Antonio Dias recently published some reflections about power, within the context of the will to control. He observes that “Investment in power directly corrodes one’s strength.” He’s essentially unpacking the reasoning behind Blessed are the meek for they shall inherit the earth. (“I’m glad they’re getting something, ‘cos they have a hell of a time” Life of Brian)
You can do all sorts of things with words like power and strength and control – it’s all down to context. As character traits or personal positions they can be considered positive or negative, and that will depend largely on a person’s circumstances and values.
My own thoughts – when I see the words power and strength and control – lead to the politics around gender, and where power sits in our social relations.
I find myself battering against the brick wall of gender inequality a lot these days, because it continually presents itself to me in my life’s experiences and I haven’t yet worked out a resolution within myself that brings me to peace with it. Or should I say, a way to break the wall without getting hurt by the tonne of bricks landing on me as a result.
In my own life, in order to meet the demands of femininity, I’ve swallowed my own power and voice until I’ve become sick at heart. I’m ever the little sister trailing along behind the big boys, the youngest daughter being scolded to behave. I’m ever holding back, and residing in my ‘strength to endure.’ This doesn’t reconcile with the independent life I chose over a traditional one.
Or does it? In a cafe yesterday I met Guy Standing, the author of The Precariat. When he obliged me by giving a brief summary of the book’s premise, he described my own predicament. I am part of a
new dangerous class…comprising the growing number of people facing lives of insecurity, doing work without a past or future. Their lack of belonging and identity means inadequate access to social and economic rights
There’s so much in that wee book blurb alone that I want to address – work without a past or future, lack of belonging or identity – but those tangents will lead me astray here; best left to subsequent posts.
What I’m concentrating on just now is that as a woman – and in particular as a lone parent – I am more likely to be a member of this dangerous new class. It’s not that new, though, is it? Aren’t social and economic rights what the international women’s movement has been seeking for a century now?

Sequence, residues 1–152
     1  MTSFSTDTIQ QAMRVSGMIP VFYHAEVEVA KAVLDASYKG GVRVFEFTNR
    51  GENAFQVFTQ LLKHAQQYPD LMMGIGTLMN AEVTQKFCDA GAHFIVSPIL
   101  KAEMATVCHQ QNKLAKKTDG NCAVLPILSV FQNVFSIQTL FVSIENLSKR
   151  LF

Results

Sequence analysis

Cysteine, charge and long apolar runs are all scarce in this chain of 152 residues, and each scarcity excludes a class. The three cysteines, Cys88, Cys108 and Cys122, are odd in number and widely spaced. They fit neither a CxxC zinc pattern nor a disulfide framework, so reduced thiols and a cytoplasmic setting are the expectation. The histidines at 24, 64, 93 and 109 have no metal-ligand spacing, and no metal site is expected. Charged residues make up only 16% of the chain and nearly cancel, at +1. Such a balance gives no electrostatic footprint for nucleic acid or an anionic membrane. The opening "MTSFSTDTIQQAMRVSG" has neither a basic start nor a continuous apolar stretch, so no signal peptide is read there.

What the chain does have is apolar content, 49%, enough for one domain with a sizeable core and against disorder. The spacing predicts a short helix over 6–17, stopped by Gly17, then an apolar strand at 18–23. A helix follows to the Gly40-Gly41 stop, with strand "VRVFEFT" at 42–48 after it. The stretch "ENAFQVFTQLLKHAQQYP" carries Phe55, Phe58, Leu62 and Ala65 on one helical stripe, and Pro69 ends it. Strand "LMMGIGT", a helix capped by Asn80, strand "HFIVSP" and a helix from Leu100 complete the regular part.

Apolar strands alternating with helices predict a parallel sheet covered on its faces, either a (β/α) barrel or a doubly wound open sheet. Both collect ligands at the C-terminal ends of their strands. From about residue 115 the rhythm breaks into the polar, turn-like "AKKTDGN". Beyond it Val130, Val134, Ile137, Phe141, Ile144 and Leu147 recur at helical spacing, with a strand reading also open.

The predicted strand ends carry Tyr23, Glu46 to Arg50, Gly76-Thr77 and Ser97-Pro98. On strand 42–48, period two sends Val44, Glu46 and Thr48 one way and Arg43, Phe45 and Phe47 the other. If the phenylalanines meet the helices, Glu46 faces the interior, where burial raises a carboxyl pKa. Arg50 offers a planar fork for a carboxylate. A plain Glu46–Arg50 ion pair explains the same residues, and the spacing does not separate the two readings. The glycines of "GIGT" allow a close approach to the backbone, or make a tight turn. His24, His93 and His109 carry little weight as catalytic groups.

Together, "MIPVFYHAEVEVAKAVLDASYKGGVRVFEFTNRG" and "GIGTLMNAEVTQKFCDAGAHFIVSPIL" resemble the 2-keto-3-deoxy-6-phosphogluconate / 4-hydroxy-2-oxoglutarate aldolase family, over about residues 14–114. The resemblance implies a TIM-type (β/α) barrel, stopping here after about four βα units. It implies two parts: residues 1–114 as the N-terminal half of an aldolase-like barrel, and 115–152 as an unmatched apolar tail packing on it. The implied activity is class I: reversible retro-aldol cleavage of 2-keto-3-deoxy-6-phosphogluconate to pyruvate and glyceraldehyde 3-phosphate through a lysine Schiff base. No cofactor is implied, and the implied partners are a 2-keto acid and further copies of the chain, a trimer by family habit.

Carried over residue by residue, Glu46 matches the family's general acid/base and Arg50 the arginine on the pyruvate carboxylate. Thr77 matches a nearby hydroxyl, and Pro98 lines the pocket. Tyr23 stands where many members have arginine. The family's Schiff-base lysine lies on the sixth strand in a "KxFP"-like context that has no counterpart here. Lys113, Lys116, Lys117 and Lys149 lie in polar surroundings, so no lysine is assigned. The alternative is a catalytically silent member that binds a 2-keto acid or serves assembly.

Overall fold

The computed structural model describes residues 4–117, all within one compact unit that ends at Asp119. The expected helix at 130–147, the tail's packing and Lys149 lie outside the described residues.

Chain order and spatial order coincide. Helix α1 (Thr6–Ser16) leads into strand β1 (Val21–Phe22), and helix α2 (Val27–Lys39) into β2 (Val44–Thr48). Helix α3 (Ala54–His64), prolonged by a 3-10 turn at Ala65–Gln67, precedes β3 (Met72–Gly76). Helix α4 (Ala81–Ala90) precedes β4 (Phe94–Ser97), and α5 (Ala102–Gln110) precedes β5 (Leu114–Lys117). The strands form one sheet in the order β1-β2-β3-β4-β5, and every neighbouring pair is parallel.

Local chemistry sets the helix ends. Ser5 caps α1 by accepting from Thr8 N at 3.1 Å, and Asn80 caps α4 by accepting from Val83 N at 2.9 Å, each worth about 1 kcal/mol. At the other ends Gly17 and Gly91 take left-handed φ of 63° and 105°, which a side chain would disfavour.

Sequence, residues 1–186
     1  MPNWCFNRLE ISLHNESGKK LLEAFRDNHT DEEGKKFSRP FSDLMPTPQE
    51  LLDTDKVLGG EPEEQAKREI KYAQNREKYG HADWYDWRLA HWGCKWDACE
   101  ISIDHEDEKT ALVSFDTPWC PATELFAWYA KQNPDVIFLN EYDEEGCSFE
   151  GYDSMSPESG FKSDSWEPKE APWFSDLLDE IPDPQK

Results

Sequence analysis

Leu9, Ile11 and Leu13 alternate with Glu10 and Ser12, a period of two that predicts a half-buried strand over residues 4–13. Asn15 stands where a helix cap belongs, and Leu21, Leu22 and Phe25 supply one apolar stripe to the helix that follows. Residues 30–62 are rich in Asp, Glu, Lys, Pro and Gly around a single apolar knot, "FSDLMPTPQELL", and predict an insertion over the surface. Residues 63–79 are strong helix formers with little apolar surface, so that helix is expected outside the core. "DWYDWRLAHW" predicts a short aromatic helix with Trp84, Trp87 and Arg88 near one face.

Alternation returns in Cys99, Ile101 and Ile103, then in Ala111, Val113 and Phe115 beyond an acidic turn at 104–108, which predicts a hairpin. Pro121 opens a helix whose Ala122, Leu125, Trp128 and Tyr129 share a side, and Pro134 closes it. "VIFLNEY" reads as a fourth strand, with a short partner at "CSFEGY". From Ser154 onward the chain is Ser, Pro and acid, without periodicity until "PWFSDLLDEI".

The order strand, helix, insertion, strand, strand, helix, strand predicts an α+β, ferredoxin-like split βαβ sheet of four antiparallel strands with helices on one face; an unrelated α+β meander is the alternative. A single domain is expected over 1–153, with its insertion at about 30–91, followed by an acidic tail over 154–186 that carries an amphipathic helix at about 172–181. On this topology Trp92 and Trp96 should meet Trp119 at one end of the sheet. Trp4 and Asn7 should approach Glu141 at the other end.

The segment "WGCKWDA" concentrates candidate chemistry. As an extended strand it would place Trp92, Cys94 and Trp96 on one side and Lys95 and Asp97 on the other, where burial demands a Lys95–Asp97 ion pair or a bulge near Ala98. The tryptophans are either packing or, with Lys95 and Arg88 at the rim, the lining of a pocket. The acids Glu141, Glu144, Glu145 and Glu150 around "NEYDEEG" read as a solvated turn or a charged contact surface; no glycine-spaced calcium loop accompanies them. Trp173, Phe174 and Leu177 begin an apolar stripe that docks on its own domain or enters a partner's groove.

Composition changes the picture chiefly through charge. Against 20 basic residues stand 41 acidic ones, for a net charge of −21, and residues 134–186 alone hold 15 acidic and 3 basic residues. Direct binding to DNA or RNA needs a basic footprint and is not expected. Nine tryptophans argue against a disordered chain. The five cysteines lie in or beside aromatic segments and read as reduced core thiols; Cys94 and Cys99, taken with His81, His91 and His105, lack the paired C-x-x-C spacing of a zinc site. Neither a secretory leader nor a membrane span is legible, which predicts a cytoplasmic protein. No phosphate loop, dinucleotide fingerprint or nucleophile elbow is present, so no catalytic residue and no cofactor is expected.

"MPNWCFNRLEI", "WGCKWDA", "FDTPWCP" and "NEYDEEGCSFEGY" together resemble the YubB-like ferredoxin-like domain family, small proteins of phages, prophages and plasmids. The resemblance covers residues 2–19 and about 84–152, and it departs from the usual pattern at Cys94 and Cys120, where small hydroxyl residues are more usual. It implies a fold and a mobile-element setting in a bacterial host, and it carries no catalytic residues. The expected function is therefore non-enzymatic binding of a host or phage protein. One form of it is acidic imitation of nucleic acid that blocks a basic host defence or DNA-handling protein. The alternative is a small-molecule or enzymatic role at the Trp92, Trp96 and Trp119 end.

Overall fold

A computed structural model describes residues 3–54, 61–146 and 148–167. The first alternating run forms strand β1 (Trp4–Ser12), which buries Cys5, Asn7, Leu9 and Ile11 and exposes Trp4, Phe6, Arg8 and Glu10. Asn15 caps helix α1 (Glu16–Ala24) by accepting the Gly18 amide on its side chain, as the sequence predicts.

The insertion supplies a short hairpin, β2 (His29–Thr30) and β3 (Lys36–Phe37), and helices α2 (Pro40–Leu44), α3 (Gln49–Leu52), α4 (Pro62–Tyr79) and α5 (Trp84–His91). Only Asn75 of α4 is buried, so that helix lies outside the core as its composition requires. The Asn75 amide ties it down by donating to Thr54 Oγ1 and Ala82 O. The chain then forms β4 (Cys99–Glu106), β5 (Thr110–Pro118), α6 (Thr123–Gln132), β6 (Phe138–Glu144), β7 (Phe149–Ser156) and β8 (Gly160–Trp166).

Just a couple days ago the UK budget for 2011 was presented. Various critics pointed out its impact on women. Here are a few of them:
- Fawcett Society: “Independent analysis of the budget has shown that it is women who will bear the brunt of the cuts unveiled so far.” The Budget, the Comprehensive Spending Review and Women
- Trade Unions Congress: “The Chancellor’s budget today forgot women and does nothing to address inequality.” The budget ‘forgot women’, says TUC
- Women’s Budget Group: “Yet again, Britain’s poorest women lose out.” Nothing for Gender Equality in George’s Budget
I like this definition of power, from Carolyn Heilbrun‘s Writing a Woman’s Life:
Power is the ability to take one’s place in whatever discourse is essential to action and the right to have one’s part matter.
It’s that last bit I get snagged on: the right to have one’s part matter – the difference between lip service and genuine participation in the decision-making that will impact on oneself. For all the changes that the last century has seen, the evidence remains that the part of women still doesn’t matter.
And this brings me back to Tony’s post. I understand full well that by taking the discussion of power into one of its most familiar battle grounds I am acting out his very point:
we look to any excuse to ascribe power to ourselves, or our nation, our society, our culture – anything we can identify with and use that identification to build up a division between Us and the Other
Here’s a wall far more fierce, with tumbling bricks far more painful. I feel hobbled, and humbled by its challenge. Is the desire for justice the same as a desire for power?
As to finding that resolution within myself, the one which will stop me flinging myself against brick walls
only those… who reach the stage where it is possible for them to combat a second tragedy within themselves, and not the first over again, are worthy of being called mature (Jane Bowles – yes, I’m a bit obsessed)
I think I’m not worthy of this – and yet I’m certain that I can be.